Ams said in its own press release that it expects to close the transaction by July 9 (Thursday).

“The EU regulatory approval constituted the last remaining condition precedent for closing the transaction which is now fulfilled,” the company said. “ams therefore expects the payment of the offer price to the holders of the tendered shares and the closing of the takeover offer on 9 July 2020.”

Meanwhile, it appears that ams and Osram will continue to be hamstrung in their efforts to integrate their operations, because ams did not acquire a large enough share of Osram to attain what Germany regulators call a “domination agreement.” Osram CEO Olaf Berlien noted earlier this year that without a domination agreement, the two companies are effectively limited in the information they can share as they discuss synergies.

Domination requires 75% ownership. At LEDs last count, ams had about 64%, a number that ams indicated in its press release will have crept up to 69% upon the expected July 9 closing — still short of 75%.

So ams was earlier this year planning a second course of action in which it would ask Osram shareholders to grant domination via an extraordinary voting session. LEDs has asked ams where that effort stands, but we have not received an answer.

The lack of domination has also deprived ams of access to Osram’s cash (dwindling as it is). That has prompted ams to seek other sources of funding including stocks and bonds to help pay back money it borrowed to acquire Osram in a €41 per share deal that valued Osram at €4.58 billion back in November.

The financial challenge is indicative of a company trying to acquire another that at the outset was nearly four times its size.

While Osram has shrunk and ams has grown since the acquisition efforts started, Osram is still substantially bigger, with 2019 revenue of €3.46B ($3.91B at today’s exchange rate) compared to $2.08B for ams (ams reports in US dollars).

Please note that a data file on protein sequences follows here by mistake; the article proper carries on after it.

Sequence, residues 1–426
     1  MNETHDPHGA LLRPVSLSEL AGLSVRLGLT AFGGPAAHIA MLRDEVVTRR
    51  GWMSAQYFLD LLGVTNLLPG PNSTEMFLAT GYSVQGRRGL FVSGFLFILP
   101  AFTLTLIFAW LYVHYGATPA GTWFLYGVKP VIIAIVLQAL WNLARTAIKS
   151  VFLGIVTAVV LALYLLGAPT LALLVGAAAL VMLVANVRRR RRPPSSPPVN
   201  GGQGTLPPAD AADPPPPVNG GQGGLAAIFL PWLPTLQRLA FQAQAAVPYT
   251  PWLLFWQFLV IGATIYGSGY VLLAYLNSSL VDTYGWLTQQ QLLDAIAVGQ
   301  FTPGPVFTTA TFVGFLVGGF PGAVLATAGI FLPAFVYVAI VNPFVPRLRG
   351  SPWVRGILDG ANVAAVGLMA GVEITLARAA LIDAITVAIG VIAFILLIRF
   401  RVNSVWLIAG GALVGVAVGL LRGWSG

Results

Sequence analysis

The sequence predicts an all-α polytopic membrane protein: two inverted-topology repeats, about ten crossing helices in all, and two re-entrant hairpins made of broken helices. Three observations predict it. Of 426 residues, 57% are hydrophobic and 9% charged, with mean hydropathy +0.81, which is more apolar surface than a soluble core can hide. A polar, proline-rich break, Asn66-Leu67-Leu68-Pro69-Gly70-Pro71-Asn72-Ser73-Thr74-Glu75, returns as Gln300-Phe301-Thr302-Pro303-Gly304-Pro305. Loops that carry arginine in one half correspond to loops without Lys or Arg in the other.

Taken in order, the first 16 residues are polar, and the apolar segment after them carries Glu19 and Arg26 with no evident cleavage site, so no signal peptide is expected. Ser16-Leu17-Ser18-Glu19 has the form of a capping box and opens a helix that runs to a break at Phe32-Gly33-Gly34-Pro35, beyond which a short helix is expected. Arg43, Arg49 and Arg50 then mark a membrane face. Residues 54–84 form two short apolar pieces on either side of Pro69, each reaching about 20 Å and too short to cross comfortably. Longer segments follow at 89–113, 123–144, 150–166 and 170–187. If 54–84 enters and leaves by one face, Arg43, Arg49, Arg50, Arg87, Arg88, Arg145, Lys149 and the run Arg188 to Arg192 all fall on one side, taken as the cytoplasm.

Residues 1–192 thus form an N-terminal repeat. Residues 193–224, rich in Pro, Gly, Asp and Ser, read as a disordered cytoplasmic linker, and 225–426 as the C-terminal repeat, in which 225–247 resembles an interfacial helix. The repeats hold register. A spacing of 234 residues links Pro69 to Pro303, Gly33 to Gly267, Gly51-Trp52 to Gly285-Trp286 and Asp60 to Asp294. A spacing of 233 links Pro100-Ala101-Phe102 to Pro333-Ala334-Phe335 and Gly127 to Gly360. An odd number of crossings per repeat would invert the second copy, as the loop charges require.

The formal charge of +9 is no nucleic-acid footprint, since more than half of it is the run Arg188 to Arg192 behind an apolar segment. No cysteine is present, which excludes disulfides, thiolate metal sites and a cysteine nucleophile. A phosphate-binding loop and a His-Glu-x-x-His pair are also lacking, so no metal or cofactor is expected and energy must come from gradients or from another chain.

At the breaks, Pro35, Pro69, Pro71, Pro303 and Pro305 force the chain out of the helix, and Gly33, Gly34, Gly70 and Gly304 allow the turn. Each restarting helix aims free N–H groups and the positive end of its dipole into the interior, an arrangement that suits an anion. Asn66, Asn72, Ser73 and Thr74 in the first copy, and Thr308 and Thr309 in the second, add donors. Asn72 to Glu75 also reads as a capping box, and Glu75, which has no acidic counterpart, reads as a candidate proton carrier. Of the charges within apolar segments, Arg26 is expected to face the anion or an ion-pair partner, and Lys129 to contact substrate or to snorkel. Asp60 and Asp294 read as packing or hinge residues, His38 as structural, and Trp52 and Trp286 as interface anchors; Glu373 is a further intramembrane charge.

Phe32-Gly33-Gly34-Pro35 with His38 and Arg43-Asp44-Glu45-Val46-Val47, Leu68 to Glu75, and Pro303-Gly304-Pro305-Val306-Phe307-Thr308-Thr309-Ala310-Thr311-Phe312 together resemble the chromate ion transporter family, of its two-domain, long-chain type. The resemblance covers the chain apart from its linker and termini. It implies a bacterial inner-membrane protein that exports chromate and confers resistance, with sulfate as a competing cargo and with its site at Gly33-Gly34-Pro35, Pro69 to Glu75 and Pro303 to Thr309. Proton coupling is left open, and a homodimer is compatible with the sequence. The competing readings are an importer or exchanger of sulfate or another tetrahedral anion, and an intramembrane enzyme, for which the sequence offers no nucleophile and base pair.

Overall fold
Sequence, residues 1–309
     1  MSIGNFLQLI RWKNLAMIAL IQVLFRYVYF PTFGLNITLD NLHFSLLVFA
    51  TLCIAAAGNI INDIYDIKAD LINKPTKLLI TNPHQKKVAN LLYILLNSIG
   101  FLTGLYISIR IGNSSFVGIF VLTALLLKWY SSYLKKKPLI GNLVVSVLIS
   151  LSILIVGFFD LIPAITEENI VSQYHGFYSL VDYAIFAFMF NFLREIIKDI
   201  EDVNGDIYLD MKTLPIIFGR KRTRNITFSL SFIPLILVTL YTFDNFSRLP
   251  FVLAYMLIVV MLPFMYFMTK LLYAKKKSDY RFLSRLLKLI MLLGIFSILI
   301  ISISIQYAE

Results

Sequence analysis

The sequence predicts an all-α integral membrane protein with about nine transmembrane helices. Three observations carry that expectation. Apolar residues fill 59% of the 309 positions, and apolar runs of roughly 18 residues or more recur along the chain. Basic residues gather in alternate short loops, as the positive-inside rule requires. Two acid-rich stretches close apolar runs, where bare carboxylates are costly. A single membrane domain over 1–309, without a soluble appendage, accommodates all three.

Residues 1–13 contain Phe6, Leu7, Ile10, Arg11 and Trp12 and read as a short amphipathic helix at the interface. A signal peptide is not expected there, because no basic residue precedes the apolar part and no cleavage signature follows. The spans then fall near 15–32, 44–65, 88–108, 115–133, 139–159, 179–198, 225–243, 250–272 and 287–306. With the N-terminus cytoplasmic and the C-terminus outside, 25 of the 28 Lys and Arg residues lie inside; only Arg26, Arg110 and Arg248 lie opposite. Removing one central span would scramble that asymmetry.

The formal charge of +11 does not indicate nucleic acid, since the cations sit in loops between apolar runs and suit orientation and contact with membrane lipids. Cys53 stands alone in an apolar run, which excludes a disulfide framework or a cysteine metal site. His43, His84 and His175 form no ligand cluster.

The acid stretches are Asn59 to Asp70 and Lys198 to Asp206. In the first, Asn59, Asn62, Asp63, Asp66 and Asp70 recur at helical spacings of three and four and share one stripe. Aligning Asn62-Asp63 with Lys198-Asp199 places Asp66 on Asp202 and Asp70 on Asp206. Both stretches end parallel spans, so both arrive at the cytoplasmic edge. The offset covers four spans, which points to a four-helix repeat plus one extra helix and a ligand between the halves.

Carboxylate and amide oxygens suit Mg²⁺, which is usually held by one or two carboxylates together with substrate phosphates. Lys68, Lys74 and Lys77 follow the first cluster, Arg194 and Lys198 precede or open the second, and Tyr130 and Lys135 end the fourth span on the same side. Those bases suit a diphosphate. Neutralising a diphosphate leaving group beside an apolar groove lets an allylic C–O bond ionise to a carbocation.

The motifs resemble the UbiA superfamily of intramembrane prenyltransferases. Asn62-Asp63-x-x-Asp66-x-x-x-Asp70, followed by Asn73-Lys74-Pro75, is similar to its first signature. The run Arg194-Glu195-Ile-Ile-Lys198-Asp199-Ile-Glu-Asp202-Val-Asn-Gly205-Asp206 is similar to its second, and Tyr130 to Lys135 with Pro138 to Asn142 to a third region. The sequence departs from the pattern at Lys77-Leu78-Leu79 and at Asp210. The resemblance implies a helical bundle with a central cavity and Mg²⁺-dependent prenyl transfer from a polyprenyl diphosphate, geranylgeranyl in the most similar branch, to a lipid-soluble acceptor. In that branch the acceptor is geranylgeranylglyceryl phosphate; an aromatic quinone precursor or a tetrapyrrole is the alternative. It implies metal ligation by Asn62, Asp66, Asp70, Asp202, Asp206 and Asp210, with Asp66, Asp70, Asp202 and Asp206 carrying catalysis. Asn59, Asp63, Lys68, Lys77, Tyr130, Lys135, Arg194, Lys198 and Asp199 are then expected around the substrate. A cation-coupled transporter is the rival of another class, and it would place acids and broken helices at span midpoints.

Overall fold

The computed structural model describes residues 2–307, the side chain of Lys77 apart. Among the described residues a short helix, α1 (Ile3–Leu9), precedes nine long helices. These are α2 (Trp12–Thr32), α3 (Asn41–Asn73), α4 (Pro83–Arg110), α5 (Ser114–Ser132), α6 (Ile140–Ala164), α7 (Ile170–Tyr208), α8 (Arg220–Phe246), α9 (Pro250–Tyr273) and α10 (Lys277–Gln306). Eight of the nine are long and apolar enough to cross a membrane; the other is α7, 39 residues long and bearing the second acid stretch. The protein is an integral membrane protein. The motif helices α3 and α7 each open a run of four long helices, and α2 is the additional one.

The acquisition saga took another turn recently, when Reuters reported that the Austrian Financial Market Authority (FMA) is probing possible insider trading of ams shares.

But while the acquisition will continue to have its difficulties, ams has at last leapt over the regulatory hurdle of European competition overseers.

Exactly how ams will mix and match Osram’s photonics with its own offerings remains to be seen. The same could be said of Osram’s non-chip businesses which include horticultural lighting, automotive headlamps, and conventional mercury lamps which have come to the fore recently for their disinfection potential in the fight against the coronavirus. Osram’s IoT lighting program including Lightelligence appears to be under question.

MARK HALPER is a contributing editor for LEDs Magazine, and an energy, technology, and business journalist ([email protected]).

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About the Author

Mark Halper | Contributing Editor, LEDs Magazine, and Business/Energy/Technology Journalist

Mark Halper is a freelance business, technology, and science journalist who covers everything from media moguls to subatomic particles. Halper has written from locations around the world for TIME Magazine, Fortune, Forbes, the New York Times, the Financial Times, the Guardian, CBS, Wired, and many others. A US citizen living in Britain, he cut his journalism teeth cutting and pasting copy for an English-language daily newspaper in Mexico City. Halper has a BA in history from Cornell University.